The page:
Angry farmers in North Yorkshire staged their second demonstration in two weeks on Friday, Oct 9th against the Westminster government’s plans to ditch UK animal welfare and environmental standards for food imports – flooding the market with cheap, low-quality produce. A convoy of over twenty tractors, crop sprayers and other farm vehicles parked in Stokesely’s showground before setting off down the High Street with lights on and horns blasting. Bystanders clapped and cheered as the convoy went past – and it was very clear that local people support Yorkshire farmers. Protestors are demanding safeguards to stop US imports of hormone-treated beef and pork and chlorinated chicken undercutting British farmers.
Tomorrow the Agriculture Bill comes back to the Commons with a new amendment from the House of Lords – and MPs will have a second chance to prevent imports of sub-standard food as a result of future trade deals. Julian Sturdy, Conservative MP for Outer York, has confirmed today plans to join Tory rebels by supporting the amendment
Friday’s protest was the second demonstration by farmers in Chancellor Rishi Sunak’s Richmond constituency. Last month fourteen tractors, farm vehicles and lorries from businesses connected to the farming sector drove in convoy up and down Northallerton High Street.
The protests are being supported by Save British Farming. The group’s North Yorkshire organiser, Richard Sadler, said: “We want to shine the spotlight on Rishi Sunak and other North Yorkshire MPs who claim to support farmers but who have been quietly voting against their best interests.”
“If the Agriculture Bill is allowed through unamended, the consequences for traditional farming in North Yorkshire would be devastating. “
“But this is not just about farmers – it affects everyone who cares about animal welfare, the environment and how their food is produced.”
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One of the local farmers joining the Stokesley protest, Matthew Nichols, said it was important that everyone understood the threat to farming and food standards.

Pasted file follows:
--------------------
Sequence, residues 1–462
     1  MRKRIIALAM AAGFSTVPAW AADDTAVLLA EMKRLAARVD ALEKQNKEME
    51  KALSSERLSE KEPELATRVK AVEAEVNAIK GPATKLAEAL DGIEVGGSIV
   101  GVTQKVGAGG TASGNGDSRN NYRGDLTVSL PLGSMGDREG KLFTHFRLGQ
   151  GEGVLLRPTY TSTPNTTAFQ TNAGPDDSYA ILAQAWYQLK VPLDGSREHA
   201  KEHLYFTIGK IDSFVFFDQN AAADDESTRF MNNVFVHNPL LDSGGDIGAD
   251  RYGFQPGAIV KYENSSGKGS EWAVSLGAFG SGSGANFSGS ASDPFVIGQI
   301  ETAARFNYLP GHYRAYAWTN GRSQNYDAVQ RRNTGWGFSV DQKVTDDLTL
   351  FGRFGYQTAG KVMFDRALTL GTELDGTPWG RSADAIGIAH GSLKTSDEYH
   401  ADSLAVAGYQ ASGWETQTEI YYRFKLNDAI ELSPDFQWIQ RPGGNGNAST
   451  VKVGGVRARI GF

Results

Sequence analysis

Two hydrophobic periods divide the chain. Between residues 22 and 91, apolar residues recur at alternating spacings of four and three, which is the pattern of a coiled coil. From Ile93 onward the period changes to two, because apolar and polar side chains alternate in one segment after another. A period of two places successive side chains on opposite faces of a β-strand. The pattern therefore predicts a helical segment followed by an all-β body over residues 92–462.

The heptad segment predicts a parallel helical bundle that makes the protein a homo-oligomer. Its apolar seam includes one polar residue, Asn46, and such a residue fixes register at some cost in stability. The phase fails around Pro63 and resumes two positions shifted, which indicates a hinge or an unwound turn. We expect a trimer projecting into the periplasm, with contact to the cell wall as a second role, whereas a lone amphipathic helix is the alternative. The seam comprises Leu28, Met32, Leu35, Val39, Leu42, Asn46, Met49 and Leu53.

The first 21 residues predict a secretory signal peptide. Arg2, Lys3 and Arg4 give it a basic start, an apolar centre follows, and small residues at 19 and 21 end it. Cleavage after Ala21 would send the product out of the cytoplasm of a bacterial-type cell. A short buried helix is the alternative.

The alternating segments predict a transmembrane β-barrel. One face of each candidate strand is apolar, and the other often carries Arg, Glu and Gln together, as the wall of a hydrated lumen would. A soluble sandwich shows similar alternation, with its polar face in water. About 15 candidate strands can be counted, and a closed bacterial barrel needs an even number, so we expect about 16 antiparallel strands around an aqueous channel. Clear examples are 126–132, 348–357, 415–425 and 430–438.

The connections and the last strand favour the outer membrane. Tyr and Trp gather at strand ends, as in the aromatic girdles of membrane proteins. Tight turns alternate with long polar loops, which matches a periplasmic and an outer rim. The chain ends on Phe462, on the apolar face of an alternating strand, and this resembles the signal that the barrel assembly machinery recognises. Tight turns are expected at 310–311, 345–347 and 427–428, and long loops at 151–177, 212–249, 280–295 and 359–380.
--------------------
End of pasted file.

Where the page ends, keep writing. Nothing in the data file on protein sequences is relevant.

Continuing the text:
“The UK has some of the best animal welfare and food quality standards in the world and there are a lot of regulations we have to comply with. That’s not always easy but we’re respected for that.”
“You can’t lead and preach to others if you just allow in any food products from abroad – that would undermine everything we’re doing.”
He added: “Some people will always try to buy the food that’s produced here but if these imports are allowed there are certain sectors of the market where people will end up eating imported food without even realising it.”
“A lot of farmers are already in difficulty financially and with the weather, reductions in payments – and now this – many could be driven to bankruptcy.”
Graham Clarke, who farms near Bedale, said: “In this country farmers are trying their best to reduce the amount of antibiotics that goes into food and they are only used when they need to be.”
“But when you go across to America every animal gets fed antibiotics and hormones as growth promoters – and if we allow in meat produced in this way it will reduce the effectiveness of antibiotics we need for treating diseases (in humans) like MRSA and TB.”
He added: “Farmers all over the UK are getting angry about the Government’s plans. The idea of undercutting our farmers with dodgy cheap meat from US factory farms is also hugely unpopular with the British public, with more than a million people signing the NFU’s petition to maintain minimum food standards.”
After the demo Graham Clarke travelled by tractor to Rishi Sunak’s constituency office in Northallerton to deliver a letter urging him to back Yorkshire farmers and protect animal welfare and food standards when the Agriculture Bill comes back to the Commons this week. At the same time socially-distanced mini demonstrations were staged outside the constituency offices as letters were handed in to five other Conservative in North Yorkshire and the North East: Julian Smith (Skipton & Ripon ) Kevin Hollinrake (Thirsk & Malton), Andrew Jones (Harrogate &Knaresborough), Julian Sturdy (York Outer) and Richard Holden (North West Durham).
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